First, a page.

Hate crimes are defined as crimes motivated based on biases of race, gender, gender identity, religion, disability, sexual orientation, and ethnicity. The most recent stats from the FBI are sobering: There were 7,175 incidents reported in 2017. And with recent national rhetoric, there is a concern that these crimes will only increase.
Hate crimes can be committed against any group of people, and perpetrators are not exclusively straight, white, cisgender men, although Caucasian people tend to be common offenders. Here, we’ll explore the different hate crimes, who commits them, their victims, and how this type of crime manifests itself in the U.S.
Victims of Hate Crimes
Racial bias may motivate the most hate crimes, as out of over 7,000 incidents, over 5,000 were motivated by biases against race, which included over 5,000 victims.
According to our analysis, African Americans most frequently targeted white people, as almost 30% of the crimes committed by this population were considered anti-white crimes. The next victim group most frequently targeted was gay people (18.7%), and the third was a tie between anti-lesbian and anti-Hispanic hate crimes.
White perpetrators acted on anti-black biases most frequently (38%), followed by anti-gay (8.2%) and anti-Hispanic (7.9%). Hispanic perpetrators also targeted black people most often (32.3%), followed by anti-gay crimes (21.3%) and a tie between anti-white and anti-Sikh crimes (6.5%).
Asian American perpetrators committed hate crimes equally between gay and black people (19.1%). However, this was followed by crimes against Jewish people (14.3%) and a tie between Asians and other races (7.1%).
According to the FBI, overall, the most hate crimes involved black people (48.6%), while 17.1% of hate crimes were anti-white in origin. Jewish people were the most frequent religious-based target (around 58% of total victims were targeted due to the offender’s anti-Jewish bias), while 18.6% of religious hate crimes were aimed at Muslims.
Breaking Down Bias
While African Americans targeted people based on anti-white, anti-gay, and anti-lesbian sentiment, there are further biases that should be explored, including anti-Sikh and anti-transgender (3.6%), biases against other races (3.5%), and anti-Asian (2.3%).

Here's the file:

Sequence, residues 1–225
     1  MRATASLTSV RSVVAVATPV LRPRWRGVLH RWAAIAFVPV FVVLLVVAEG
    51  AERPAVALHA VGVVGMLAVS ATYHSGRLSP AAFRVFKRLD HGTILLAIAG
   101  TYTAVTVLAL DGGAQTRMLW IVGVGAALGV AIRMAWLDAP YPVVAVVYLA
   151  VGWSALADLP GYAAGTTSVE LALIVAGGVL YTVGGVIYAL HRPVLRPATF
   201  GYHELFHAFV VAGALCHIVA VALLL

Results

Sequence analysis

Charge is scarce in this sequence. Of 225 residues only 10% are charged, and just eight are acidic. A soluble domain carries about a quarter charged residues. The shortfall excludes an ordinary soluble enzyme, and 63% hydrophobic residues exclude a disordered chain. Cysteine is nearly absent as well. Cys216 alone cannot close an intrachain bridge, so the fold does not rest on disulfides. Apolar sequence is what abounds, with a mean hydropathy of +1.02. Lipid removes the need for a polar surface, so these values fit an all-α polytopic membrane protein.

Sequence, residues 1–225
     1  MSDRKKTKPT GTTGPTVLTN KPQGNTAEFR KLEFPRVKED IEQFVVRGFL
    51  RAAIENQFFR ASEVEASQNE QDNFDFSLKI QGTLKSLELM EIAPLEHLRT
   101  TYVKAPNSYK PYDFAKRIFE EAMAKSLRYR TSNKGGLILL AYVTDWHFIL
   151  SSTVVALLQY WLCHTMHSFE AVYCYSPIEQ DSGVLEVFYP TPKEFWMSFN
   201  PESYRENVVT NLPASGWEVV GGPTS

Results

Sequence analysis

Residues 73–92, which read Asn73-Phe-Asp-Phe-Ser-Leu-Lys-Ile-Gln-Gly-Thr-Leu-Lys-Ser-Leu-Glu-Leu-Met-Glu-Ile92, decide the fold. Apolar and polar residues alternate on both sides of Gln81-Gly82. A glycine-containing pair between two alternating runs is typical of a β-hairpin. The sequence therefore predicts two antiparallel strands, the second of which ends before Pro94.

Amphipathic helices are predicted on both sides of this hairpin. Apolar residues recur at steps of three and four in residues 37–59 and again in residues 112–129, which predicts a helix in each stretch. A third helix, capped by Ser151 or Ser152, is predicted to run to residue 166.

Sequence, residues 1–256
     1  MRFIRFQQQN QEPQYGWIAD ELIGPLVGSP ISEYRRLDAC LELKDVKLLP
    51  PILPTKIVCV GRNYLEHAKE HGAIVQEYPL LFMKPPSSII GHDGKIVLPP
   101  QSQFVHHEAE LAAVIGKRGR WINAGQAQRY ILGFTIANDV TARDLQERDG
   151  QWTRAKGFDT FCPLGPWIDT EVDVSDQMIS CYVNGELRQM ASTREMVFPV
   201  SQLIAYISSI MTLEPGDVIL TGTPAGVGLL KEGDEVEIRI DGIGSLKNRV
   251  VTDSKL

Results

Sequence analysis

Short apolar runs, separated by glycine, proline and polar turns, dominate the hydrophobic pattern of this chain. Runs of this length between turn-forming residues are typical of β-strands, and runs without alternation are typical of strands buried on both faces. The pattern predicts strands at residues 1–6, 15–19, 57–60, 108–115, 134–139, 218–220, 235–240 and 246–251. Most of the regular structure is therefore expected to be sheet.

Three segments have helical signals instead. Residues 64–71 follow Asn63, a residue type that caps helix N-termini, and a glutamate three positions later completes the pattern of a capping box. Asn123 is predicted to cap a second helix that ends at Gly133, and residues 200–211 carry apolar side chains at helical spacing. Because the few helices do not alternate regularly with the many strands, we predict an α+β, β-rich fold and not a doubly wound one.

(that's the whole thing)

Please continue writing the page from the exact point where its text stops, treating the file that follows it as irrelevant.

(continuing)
Notably, 6% of hate crimes committed by white people were due to anti-white bias. Other top targets were people who identified as lesbians (5.6%), Jewish people (5%), American Indian or Alaska Natives (4.8%), and other races (4.3%).
For Hispanic perpetrators, their bias was directed toward people identifying as lesbian (6.1%), Jewish (3.6%), Hispanic, and Catholic (2.9% each).
Asian Americans, who equally committed hate crimes against black and gay individuals (19.1%), also had anti-white, anti-Arab (4.8% each), and anti-transgender biases (2.4%).
Types of Hate Crimes, by Race/Ethnicity
Every group we examined was more likely to commit hate crimes based on anti-ethnicity or anti-race sentiment, except for Asian Americans. White people, in particular, committed the most hate crimes overall, with 1,816 directed at victims due to racial bias.
African Amerian offenders were likely to target people for the same reason, but were also likely to have anti-sexual preference bias. Additionally, Hispanic perpetrators committed more than twice as many race-motivated crimes compared to those motivated by sexual orientation.
Hate Crimes on the Upswing
While reporting is varied across the board (and not all incidents always find their way to the FBI), a quick glance shows that hate crimes are on the rise and have been for a while. In 2016, for example, there were 6,121 incidents (compared to over 7,000 in 2017). In 2015, there were 5,850, and in 2014, there were 5,479. There is hope that the next data release may bring some relief from this ongoing trend, although this is unlikely given the prominence of hate crimes in the ongoing news cycle.
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